Excerpted From: Alichia McIntosh, Healthcare Inequities in the United States and Beyond Are Taking Black Women's Lives, 18 Northwestern Journal of Law & Social Policy 102 (Spring, 2023) (162 Footnotes) (Full Document)


AlichiaMcIntoshSerena Williams, one of the most well-known tennis players in the world with a net-worth of 200 million dollars, had an “easy” pregnancy. Unfortunately, her delivery and post-delivery were not as easy. After Serena's contractions caused her daughter's heart rate to drop, the baby was born by emergency C-section. A day after the birth, Serena's health complications started to spiral when she began to experience shortness of breath--a symptom she had experienced before. See, Serena had complications with pulmonary embolism, a life threatening condition where arteries in the lungs are blocked by a blood clot and cause shortness of breath. Aware of her medical history, Serena alerted the nurse when she started to feel shortness of breath, and while gasping for air, stated she “needed a CT scan with contrast and IV heparin right away.”

The nurse ignored Serena's requests for treatment, believing her medicine was making her confused. After further insistence, a doctor performed an unnecessary ultrasound of her legs, which revealed nothing. As Serena's complications continued, she forcefully coughed, due to the embolisms, and ruptured her C-section incision. She finally received the CT scan she begged for, which indicated “several small blood clots [had] settled in her lungs.” While such an experience might seem like an extreme case of doctors navigating a complicated medical system, Serena's experience is not an isolated incident. Her experience is symptomatic of a much larger issue: the U.S. healthcare system's disparate treatment of Black women. As a result of this disparate treatment, the health struggles of Black women are systematically minimized or dismissed. Thus, the color of their skin is “the difference between life and death.”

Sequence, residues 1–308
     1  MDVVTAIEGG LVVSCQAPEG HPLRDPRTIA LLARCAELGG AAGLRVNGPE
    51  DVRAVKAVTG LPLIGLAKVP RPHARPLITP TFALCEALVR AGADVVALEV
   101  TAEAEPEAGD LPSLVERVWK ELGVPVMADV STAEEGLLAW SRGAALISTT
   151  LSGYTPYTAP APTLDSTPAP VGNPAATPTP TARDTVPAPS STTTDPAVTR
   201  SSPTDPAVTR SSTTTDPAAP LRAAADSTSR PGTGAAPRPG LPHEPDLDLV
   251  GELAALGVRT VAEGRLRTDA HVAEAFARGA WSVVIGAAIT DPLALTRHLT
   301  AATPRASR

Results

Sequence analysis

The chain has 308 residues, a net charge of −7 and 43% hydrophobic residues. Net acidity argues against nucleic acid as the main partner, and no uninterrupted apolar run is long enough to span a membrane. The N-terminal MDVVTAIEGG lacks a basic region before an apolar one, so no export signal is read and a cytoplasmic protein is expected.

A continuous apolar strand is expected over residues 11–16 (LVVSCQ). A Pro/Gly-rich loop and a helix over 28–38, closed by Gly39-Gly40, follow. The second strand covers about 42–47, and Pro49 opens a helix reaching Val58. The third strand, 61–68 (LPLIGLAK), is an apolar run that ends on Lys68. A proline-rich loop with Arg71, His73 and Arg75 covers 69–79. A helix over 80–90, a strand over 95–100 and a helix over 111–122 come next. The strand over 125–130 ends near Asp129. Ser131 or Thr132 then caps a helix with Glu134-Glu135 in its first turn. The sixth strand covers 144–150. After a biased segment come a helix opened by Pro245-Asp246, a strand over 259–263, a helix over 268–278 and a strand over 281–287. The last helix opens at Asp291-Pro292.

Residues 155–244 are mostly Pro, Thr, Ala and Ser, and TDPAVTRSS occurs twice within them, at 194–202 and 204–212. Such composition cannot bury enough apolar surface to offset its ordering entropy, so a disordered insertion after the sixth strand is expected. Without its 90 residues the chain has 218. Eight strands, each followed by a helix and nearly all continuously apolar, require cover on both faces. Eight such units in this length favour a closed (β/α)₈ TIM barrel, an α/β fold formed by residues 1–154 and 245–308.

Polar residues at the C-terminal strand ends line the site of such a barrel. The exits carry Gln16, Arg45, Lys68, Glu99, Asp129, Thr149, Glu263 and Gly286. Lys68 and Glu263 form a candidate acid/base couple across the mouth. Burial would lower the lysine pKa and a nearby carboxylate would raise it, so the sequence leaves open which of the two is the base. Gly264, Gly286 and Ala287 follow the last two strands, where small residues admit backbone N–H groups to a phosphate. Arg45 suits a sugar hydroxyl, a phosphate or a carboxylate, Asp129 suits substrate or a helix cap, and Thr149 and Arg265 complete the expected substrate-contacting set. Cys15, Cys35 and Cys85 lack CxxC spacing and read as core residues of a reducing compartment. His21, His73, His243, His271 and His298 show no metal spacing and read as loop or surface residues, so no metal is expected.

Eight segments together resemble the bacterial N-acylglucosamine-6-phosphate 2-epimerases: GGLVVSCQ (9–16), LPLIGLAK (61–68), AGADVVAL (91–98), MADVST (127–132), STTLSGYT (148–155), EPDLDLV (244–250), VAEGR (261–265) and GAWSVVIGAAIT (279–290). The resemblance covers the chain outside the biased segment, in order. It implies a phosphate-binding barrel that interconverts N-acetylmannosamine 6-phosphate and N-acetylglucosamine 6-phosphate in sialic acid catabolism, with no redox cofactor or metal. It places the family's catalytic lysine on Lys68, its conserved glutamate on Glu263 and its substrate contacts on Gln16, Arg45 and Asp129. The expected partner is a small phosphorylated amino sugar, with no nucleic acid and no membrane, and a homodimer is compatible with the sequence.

Serena's story, and the stories that follow, highlight how Black women must fight to receive appropriate health care in the United States. These stories show that stereotypes, biases, and the lack of access to sufficient care negatively impact Black women's medical treatment. Moreover, a Black woman's financial and educational resources--as shown by Serena's case--are not dispositive. These stories demonstrate that many doctors do not recognize their patients' pain when their patients are Black women, and studies, which will be discussed in Part II, have confirmed this conclusion.

Amira Lewally, a Black woman in the United States, lost hearing in her left ear. After attempting to treat the ear on her own, she sought a primary care doctor for help. However, at every step, she had to fight for her health when the doctors did not. A doctor first told her the muffled hearing was probably due to allergies. Her symptoms continued for months and eventually a clear fluid started leaking from her nose. She asked her doctor whether her previous diagnosis, pseudotumor cerebri, might be causing her symptoms. However, the doctor stayed firm on the first diagnosis: allergies. A year later, Amira returned to the doctor after finding an article supporting her hypothesis that her symptoms may be due to brain leakage. Amira insisted on seeing an ear, nose, and throat specialist. Three years and three doctors later, she finally received an accurate diagnosis confirming a cerebrospinal fluid leak. It took three years of self-advocacy for Amira to get the appropriate diagnosis. Amira ensured her health, not the doctors who were paid to do so.